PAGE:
Wednesday, November 9, 2011

The Color of Shame without the Hail Marys

I am from a family of blue bloods.

Penn State Blue.

From the deluge of news coverage you know the broad outlines of this story: a 10 year silence about a Penn State assistant football coach who abused young boys sometimes in the facilities of this legendary football powerhouse, the grand jury investigation, the knowledge that the abuse stretches back 15 years, the arrest of the former assistant coach who ran a program for troubled youth, too, an emergency Sunday meeting of the university’s board, the removal of the athletic director and the vice president for finance and their arraignment on perjury charges for lying to the grand jury the university president who all too quickly backed these top administrators, and in the midst of it the Icon – JoPa, Penn State’s head football coach.

And within the span of less time than it takes for the holiday bowl games schedule, the Camelot that has been filled with Merlin’s wizardry has become Mordred unmasked.

To a family that understands “ measure it” from the matriarch as not a recipe direction but a demand to get every last inch for a first down, the shock and sadness go deep like a wide receiver.

This Blue family stretches from a generation who went to college football games in suits, –yes, suits with skirts – followed by cocktail parties at fraternities to a generation that tweets the stats and thinks a fraternity is a name for a rock band, a bad name for a rock band.

While the shock is deep and explosive in its suddenness and our immediate concern for the youngest and most recent of us on the campuses keenly real, the knowledge of what must be done is sure.

To whom much is given, much is expected.

Joe Paterno’s coaching career must end. Today. Not after the game with Nebraska on Saturday. Not at the end of the season. Today.

Graham Spanier the University president must be removed. Today.

Michael McQueary, the grad assistant who is now a coach, must be gone. Today.

In the face of the absolute heinousness of child sexual abuse and the neglect of the child by Penn State authorities which allowed other children to be molested is the abdication of all the underpinnings of success with honor.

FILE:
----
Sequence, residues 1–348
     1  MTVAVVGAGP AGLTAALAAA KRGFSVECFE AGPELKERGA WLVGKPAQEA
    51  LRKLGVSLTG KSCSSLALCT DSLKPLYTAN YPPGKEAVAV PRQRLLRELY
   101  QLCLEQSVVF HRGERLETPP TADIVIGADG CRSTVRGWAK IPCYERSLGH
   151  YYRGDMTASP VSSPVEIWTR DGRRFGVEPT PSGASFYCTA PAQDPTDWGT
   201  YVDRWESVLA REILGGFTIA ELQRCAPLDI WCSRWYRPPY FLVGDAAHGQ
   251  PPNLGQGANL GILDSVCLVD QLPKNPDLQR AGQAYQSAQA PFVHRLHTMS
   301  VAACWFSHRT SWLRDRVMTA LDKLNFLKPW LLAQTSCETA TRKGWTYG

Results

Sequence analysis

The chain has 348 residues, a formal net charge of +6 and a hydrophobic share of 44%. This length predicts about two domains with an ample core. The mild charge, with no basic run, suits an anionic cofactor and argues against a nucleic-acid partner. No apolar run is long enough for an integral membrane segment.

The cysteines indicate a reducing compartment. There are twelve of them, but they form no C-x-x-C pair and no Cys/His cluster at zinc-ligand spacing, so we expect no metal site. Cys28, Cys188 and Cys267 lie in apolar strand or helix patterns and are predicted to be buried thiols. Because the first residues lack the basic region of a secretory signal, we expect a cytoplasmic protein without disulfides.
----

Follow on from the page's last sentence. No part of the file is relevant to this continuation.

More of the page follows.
Nothing gets set aright if there is hedging.

But resignation and removal are only the beginning.

The drive to begin the long and perhaps unattainable fight for Penn State’s redemption must be led by Paterno in a fierce and unyielding battle to find the victims coupled with an unstinting drive for the legislative changes that need to be made by the Pennsylvania General Assembly to protect children from sexual abuse and give victims their day in court.

This is a stanza in Penn State’s alma mater: “Let no act of ours bring shame to one heart that loves thy name.”

Now that shame does blanket the Nittany Valley only the pick and shovel work of determined reform with the child at the center is worthy of being how the game should be played.

Pennsylvania is Catholic territory. Given the reaction of Penn State Country to this massive moral failure with its near complete parallel to the saga of abuse in the Roman Catholic Church, uneasy should rest the heads that wear miters.

Catholics have obligations here. No longer can there be sideline standing. The Diocese of Altoona-Johnstown which encompasses Happy Valley has an excruciatingly bad record on sexual abuse. The Philadelphia Grand Jury gives the measure of the state of things in Catholicism in the Keystone State as well.

To be shocked by what has happened at Penn State, to expect accountability, to weigh the sending of children to this institution, to reconsider where to put one’s money by current students, parents and alumni alike and not to ask and demand at the very baseline the same from Catholic Church and its leaders who have repeatedly been given reverential passes is a circumstance worthy only of a Dante ranking.

Out of the ashes of the scandal of St. Joe can arise the phoenix of the protection of children for the touchdown and the touchstone of our lives.




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